My final thoughts? It’s not that these portfolios are bad. They’re decent portfolios, especially for beginning investors who are looking to stash away a few pennies here and there with minimal effort and a simple fee structure. Is a 6-10% return better than holding onto a pile of cash and losing out to inflation? Absolutely! An Acorns portfolio serves as an excellent “baby’s first investment”. I just can’t help but shake the disappointment that all five portfolios have underperformed the market in most, if not all, previous financial circumstances. For anyone beyond the novice saver/pocket-change investor, it makes more sense to invest wisely in a few basic ETFs (i.e. NOBL/UPRO) and call it a day. A true zero-fee investment experience can be had by using Robinhood, potentially saving the $1 per month fee. Smart savers who appreciate the auto round-up feature of Acorns can enjoy Wealthfront‘s auto-deposit feature with the added benefit of Tax-Loss harvesting.
Do you have thoughts on my analysis of these portfolios or my backtesting strategy? Let me know in the comments. I appreciate reader input.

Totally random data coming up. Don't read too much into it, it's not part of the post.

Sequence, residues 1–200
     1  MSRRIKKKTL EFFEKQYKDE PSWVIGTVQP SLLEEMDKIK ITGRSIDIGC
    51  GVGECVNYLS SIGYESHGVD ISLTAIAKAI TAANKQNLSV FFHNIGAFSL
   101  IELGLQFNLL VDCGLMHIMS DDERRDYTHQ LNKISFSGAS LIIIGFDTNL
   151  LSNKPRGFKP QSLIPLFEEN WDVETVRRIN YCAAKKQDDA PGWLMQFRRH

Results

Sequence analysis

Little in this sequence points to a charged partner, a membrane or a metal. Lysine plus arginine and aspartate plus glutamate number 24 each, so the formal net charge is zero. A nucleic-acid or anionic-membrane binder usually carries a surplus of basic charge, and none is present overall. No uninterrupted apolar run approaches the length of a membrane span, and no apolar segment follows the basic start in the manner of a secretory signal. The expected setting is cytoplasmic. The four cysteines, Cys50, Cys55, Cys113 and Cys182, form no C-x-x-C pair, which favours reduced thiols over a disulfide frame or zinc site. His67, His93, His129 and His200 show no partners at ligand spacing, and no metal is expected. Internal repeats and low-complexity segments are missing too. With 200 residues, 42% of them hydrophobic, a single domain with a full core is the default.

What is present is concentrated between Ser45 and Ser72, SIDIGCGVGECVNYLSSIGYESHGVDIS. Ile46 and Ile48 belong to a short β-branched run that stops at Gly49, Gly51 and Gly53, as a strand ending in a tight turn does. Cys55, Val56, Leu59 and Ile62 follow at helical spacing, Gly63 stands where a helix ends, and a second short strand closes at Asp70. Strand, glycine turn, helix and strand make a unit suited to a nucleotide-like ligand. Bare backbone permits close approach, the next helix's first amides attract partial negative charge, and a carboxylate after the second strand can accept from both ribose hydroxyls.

*r/investing deserves a post of its own. Similar to r/fitness, the “beginners pretending to be experts” culture leads to an unsurprising amount of awful advice. Trust the internet at your own risk. Trust the internet with investment guidance at your bank account’s risk.
20 Replies to “Analyzing the Performance of Acorns Investment Portfolios using Quantopian”
Interesting. I went to try it for myself with Quantopian using your algorithm but it appears to be incomplete in your post. 🙁
Oh, perhaps it is complete. Nevermind! I guess that shows how little I know of python!
Nice, I was just checking on Quantopian and it (looks like) it is working?, as far as I can tell. Mind, you’ll need to change the target percentages to reflect each portfolio, but the algo itself should be working properly. Let me know your thoughts if you have any!